One full week to go until Election Day.

First: The 2020 election was always going to be a a roller coaster ride. In fact, we may or may not know who won Pennsylvania or the White House on Nov. 3. Voting by mail on this scale could make watching how it all shakes out tricky. Let data and democracy reporter Jonathan Lai be your guide.

Then: Reporter Julia Terruso learned that more than a dozen Philly-area Black women she spoke with have never been more determined to make sure Trump loses an election. The way the coronavirus has disproportionately devastated Black and brown lives both physically and financially saw to that.

And: Tensions rose rapidly after police officers shot a 27-year-old Black man identified by family as Walter Wallace Jr. who was armed with a knife during a confrontation yesterday afternoon in West Philadelphia. Our story has the latest developments on the heated protests that took place overnight.

— Ashley Hoffman (@_ashleyhoffman, morningnewsletter@inquirer.com)

Here’s what we’ll know and won’t know on Election Day

It’s possible the 2020 election results could take a day or two. If it’s a landslide? It could all unfold in a single day. What, exactly, are we in for next week? What’s the deal with the pace? What’s the map progressively going to look like?

The picture is getting clearer, so our resident captain of the voting chaos, Jonathan Lai, gamed out the scenarios that could actually, possibly happen. Get prepped with his comprehensive moment-by-moment guide to what to expect on Election Day and why.

Black women see Trump as an existential threat: ‘This election is to save our lives’

Democrats typically bank on Black women to overwhelmingly back the Democratic Party. But more than any political issue, it’s the president’s response to the pandemic that hit Black and brown people hardest, raising the stakes higher than ever this year.

Black women with whom we spoke view this election as a matter of “life or death.” Take, for example, Democrat Sherrelle Pritchette, who lost her mother and sister to the virus. “Do I blame him personally?” she said of Trump. “Oh, yes. Oh, yes, I do.”

Fatal police shooting of Walter Wallace Jr. prompts heated overnight protests in West Philly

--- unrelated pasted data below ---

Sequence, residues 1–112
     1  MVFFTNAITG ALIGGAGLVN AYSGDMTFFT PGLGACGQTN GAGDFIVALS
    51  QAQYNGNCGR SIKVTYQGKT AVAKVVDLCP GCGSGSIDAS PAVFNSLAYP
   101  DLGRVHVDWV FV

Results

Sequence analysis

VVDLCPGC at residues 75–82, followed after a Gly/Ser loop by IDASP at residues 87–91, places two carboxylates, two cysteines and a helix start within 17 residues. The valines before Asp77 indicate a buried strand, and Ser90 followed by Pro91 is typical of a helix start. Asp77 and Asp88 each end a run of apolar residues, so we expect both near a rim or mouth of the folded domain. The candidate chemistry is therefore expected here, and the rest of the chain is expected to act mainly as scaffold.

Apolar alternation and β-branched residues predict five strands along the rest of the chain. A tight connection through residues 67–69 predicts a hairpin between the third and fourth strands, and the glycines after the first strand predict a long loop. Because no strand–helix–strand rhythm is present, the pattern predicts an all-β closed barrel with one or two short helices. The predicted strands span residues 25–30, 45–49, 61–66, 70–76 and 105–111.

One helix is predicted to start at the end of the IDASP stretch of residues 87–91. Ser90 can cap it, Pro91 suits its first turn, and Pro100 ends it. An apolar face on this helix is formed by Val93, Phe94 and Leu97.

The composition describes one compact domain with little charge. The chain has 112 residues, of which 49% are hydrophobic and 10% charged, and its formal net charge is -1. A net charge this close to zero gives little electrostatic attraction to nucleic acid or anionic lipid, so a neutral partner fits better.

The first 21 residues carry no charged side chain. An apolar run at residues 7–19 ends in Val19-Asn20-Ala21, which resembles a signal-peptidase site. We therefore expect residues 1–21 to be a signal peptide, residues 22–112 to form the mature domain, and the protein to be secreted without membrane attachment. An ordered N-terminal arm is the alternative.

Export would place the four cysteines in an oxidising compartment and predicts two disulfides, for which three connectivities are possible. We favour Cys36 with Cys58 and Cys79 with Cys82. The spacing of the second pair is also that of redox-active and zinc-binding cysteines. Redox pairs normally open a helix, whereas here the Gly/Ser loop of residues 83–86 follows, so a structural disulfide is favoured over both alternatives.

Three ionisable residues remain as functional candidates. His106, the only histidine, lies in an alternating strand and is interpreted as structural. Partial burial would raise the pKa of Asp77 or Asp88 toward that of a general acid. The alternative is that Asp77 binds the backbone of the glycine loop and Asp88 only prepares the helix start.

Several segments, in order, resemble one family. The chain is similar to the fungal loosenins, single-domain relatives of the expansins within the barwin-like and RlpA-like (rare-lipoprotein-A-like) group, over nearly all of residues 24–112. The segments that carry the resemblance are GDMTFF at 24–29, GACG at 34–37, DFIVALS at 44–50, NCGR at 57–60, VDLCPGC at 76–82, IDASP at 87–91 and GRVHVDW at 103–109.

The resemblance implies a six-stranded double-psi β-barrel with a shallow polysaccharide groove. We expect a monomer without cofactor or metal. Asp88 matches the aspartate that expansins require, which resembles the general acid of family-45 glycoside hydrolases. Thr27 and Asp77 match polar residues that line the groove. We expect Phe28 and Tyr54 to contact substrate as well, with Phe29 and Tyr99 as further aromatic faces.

Police officers shot Walter Wallace Jr., a 27-year-old Black man armed with a knife during a confrontation yesterday afternoon in West Philadelphia that rapidly raised tensions in the neighborhood. Witnesses said Wallace was armed with a knife, but was not charging the police. Later, protesters marched for hours as late Monday turned to Tuesday morning, Anna Orso, Ellie Rushing, Samantha Melamed and Robert Moran reported.

What you need to know today

Through your eyes | #OurPhilly

We love this shot over the shoulder of the Fisherwoman statue at the base of the George Washington monument at Eakins Ova. Thanks for sharing @positivemag1!

Tag your Instagram posts or tweets with #OurPhilly and we’ll pick our favorite each day to feature in this newsletter and give you a shout out!

That’s interesting

Opinions

“Indeed, widen your lens and you’ll see that most voters across America don’t find Biden’s comments about transitioning away from oil as radical, but as reality in the face of climate change and rapid advances in cleaner energy such as wind and solar.” writes columnist Will Bunch about the reality of Pennsylvania and fossil fuels that pundits are overlooking.

What we’re reading

Your Daily Dose of | Music

Voters were treated to music filling the air outside the Delaware County Courthouse recently. Musicians from the New York Philharmonic, American Ballet Theater, Broadway and Met Opera drove all the way from New York just to use their talents to make voting more pleasant.